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Exogenous salicylic acid alleviates salt-stress damage in cucumber under moderate nitrogen conditions by controlling endogenous salicylic acid levels

Kim, Yonghyun, Kim, Seongmin, Shim, Ie-Sung
Horticulture, environment and biotechnology 2017 v.58 no.3 pp. 247-253
chlorosis, cucumbers, leaves, nitrogen, plant response, salicylic acid, salt stress, salt tolerance, stress tolerance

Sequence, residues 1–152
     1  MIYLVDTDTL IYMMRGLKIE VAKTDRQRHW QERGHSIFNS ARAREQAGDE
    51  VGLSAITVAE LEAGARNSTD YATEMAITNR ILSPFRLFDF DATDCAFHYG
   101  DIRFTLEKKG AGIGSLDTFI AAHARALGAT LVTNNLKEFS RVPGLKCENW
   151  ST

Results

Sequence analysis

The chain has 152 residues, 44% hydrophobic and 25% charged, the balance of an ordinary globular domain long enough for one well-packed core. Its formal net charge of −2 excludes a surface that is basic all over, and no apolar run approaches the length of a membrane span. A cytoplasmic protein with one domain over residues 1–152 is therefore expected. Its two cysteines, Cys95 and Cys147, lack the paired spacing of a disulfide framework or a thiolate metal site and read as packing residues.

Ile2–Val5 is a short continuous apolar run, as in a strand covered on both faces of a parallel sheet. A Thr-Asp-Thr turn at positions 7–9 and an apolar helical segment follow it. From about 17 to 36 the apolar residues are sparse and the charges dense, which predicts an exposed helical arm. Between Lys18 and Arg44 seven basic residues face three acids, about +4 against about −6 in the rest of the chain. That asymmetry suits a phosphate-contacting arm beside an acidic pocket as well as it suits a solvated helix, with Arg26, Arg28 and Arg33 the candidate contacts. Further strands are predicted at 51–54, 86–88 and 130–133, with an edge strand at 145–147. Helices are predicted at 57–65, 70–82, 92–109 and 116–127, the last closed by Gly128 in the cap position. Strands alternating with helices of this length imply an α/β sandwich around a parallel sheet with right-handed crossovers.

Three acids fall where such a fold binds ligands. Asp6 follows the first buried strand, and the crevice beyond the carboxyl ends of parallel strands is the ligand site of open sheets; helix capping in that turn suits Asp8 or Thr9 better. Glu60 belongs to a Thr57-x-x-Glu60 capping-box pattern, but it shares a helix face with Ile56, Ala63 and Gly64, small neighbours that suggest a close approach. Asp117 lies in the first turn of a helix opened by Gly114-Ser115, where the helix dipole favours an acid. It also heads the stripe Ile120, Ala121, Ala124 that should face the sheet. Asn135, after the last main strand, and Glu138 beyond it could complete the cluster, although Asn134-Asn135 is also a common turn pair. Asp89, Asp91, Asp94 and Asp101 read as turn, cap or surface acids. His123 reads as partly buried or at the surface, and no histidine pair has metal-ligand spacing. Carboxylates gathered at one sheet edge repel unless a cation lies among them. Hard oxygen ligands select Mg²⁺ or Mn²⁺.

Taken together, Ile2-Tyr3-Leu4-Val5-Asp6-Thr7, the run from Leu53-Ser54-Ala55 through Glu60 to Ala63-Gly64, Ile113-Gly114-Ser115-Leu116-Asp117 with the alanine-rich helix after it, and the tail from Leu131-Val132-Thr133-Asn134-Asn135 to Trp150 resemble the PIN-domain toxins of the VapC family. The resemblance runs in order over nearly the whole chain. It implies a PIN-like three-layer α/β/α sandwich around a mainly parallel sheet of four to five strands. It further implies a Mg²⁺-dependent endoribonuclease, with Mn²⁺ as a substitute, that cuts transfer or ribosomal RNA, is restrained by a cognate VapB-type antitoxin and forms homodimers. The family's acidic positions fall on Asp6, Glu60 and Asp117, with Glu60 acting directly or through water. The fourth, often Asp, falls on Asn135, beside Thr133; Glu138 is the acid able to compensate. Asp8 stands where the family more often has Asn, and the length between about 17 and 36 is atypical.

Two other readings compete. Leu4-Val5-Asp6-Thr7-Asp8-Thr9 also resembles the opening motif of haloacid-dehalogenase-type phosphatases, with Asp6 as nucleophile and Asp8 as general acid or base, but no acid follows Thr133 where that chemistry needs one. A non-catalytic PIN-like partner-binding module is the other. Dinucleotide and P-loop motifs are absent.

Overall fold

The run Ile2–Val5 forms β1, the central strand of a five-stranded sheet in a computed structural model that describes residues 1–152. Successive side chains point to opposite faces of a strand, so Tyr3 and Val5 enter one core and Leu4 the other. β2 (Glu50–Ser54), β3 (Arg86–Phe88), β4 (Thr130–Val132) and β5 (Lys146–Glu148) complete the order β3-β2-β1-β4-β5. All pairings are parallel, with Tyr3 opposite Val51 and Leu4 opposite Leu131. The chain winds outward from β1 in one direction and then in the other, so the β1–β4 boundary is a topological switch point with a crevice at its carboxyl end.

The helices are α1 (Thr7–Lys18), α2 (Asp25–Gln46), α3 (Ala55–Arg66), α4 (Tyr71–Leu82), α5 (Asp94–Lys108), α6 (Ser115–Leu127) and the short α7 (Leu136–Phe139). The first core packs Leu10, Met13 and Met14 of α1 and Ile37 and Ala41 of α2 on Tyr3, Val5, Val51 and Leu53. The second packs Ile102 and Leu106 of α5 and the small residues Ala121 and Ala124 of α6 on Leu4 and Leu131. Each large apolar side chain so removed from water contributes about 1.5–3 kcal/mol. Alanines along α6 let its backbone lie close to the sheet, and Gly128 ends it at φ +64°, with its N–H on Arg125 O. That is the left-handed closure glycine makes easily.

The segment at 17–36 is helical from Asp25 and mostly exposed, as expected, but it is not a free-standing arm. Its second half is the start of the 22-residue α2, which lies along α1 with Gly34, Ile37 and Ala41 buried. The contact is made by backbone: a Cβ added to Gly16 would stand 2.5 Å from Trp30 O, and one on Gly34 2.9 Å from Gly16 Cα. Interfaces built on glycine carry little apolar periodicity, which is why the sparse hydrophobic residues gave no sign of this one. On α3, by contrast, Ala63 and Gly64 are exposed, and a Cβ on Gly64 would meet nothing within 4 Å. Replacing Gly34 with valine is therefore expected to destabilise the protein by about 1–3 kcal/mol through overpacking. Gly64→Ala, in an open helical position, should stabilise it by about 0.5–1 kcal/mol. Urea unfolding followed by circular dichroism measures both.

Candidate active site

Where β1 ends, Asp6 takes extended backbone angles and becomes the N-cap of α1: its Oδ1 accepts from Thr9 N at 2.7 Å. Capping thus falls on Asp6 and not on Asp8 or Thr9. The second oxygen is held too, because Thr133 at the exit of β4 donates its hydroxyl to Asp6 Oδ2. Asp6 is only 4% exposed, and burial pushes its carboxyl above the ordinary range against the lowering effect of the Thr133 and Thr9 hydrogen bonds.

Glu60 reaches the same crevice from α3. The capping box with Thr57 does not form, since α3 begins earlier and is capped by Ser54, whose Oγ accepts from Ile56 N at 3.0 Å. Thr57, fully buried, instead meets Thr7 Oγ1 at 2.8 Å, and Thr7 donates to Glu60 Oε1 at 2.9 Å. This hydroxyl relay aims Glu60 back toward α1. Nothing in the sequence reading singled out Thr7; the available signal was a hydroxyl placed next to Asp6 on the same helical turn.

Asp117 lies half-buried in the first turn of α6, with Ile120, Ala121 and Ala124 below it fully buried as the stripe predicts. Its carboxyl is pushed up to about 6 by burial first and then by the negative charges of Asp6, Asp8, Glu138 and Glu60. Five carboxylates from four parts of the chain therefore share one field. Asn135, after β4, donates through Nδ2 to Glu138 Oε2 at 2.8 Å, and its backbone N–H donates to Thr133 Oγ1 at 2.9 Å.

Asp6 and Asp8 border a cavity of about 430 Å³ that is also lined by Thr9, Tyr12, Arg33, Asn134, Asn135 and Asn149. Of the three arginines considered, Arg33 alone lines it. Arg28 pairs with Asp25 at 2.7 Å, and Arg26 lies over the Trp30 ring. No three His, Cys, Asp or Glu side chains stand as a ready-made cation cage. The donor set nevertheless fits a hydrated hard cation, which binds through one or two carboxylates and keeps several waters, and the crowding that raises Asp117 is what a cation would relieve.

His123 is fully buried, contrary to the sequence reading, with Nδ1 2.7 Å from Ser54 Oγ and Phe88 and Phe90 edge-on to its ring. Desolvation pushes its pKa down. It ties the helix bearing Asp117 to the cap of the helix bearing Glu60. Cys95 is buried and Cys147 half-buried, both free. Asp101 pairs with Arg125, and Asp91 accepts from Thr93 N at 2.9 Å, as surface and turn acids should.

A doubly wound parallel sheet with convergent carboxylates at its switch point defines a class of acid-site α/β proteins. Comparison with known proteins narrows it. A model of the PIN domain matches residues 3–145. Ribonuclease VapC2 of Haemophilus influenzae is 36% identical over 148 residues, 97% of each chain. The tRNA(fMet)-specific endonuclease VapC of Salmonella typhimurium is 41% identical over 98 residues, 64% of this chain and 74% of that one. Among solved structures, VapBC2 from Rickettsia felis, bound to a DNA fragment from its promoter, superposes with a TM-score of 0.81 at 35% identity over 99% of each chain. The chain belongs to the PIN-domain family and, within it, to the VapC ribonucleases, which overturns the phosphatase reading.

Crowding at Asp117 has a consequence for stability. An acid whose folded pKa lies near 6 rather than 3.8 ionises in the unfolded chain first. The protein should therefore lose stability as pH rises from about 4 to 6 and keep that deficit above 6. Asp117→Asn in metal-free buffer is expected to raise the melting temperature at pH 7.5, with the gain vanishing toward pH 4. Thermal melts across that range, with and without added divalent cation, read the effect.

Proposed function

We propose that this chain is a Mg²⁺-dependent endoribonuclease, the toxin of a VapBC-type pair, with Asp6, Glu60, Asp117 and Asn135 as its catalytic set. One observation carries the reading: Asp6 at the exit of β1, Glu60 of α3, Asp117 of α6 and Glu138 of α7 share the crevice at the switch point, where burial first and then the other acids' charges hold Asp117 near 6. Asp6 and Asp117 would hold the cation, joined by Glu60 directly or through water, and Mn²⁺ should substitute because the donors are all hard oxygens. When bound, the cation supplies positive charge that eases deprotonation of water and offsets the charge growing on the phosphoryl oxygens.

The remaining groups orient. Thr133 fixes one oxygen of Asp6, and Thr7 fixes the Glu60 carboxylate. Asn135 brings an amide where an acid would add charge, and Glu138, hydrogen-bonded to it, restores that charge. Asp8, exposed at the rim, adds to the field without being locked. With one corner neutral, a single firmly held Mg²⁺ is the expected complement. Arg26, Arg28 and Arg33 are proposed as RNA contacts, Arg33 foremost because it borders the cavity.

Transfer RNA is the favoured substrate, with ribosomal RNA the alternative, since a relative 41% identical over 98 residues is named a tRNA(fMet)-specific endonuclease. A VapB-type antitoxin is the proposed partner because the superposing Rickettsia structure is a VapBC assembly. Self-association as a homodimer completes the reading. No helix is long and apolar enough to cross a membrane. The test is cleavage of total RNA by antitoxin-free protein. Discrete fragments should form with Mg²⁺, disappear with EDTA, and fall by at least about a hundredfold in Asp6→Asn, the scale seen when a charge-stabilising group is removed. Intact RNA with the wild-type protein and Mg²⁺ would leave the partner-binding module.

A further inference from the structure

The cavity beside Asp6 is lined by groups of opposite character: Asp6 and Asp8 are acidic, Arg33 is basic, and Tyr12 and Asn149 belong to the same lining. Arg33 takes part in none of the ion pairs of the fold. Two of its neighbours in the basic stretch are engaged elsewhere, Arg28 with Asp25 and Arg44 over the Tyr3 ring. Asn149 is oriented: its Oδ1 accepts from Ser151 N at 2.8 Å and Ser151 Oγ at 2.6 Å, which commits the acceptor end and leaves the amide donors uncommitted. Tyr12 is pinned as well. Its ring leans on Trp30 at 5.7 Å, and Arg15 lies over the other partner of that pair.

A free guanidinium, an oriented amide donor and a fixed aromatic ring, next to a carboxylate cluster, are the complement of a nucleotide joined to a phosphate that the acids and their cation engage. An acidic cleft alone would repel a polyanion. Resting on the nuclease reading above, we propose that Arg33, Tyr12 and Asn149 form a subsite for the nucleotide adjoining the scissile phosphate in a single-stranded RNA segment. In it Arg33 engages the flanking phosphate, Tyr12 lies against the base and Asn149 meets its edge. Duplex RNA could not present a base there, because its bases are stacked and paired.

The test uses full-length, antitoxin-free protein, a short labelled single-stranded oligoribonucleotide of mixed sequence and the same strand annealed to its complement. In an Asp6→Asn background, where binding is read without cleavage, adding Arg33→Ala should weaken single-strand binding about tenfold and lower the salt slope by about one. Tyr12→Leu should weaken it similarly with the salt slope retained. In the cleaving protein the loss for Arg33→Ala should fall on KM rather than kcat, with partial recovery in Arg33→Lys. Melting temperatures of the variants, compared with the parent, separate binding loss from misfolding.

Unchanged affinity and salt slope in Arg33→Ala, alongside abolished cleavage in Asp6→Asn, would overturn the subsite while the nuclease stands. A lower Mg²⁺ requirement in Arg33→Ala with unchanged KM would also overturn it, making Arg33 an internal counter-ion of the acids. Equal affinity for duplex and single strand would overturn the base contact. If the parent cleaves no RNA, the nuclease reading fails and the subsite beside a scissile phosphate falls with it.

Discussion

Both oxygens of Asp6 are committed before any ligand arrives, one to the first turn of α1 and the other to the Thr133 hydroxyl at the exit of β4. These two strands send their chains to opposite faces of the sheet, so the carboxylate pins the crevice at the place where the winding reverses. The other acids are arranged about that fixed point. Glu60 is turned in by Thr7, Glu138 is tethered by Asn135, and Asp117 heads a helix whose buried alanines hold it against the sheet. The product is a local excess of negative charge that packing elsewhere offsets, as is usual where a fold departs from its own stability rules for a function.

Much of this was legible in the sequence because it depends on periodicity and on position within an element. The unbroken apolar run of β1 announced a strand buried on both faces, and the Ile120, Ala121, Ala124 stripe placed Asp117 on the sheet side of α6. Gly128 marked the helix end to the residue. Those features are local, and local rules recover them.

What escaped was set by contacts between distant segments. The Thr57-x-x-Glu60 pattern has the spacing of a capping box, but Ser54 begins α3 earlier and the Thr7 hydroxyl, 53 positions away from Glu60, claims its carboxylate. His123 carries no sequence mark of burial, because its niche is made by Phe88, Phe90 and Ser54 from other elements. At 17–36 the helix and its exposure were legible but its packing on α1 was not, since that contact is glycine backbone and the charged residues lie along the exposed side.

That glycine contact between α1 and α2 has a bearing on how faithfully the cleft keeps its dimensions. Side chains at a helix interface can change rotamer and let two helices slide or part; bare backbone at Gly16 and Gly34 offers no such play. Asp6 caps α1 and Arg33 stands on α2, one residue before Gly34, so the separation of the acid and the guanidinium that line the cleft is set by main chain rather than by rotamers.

Salicylic acid (SA) is a signaling compound that plays an important role in plant responses to biotic and abiotic stress. Exogenous application of SA can improve abiotic stress tolerance in various plants, a response that varies depending on the nutrient status of the plant. Based on the hypothesis that the nutrient status of a plant affects SA-induced stress tolerance, we investigated SA-induced stress tolerance in cucumber grown under moderate nitrogen (MN, 120 ppm) and low nitrogen (LN, 40 ppm) conditions. Cucumbers grown under MN conditions showed SA-induced tolerance to salt stress, along with mild increases in endogenous SA levels. In cucumbers without SA pretreatment, the increase in endogenous SA levels after salt stress treatment was approximately 2-fold higher than that of SA-pretreated plants. On the other hand, exogenous SA did not increase salt-stress tolerance in plants grown in LN exhibiting leaf chlorosis, although SA levels increased in the leaves of these plants. These results indicate that exogenous SA-induced salt stress tolerance is well established in cucumber grown in MN. In addition, SA pretreatment can improve the ability of plants to regulate endogenous SA levels after salt stress when grown under suitable nutrient conditions.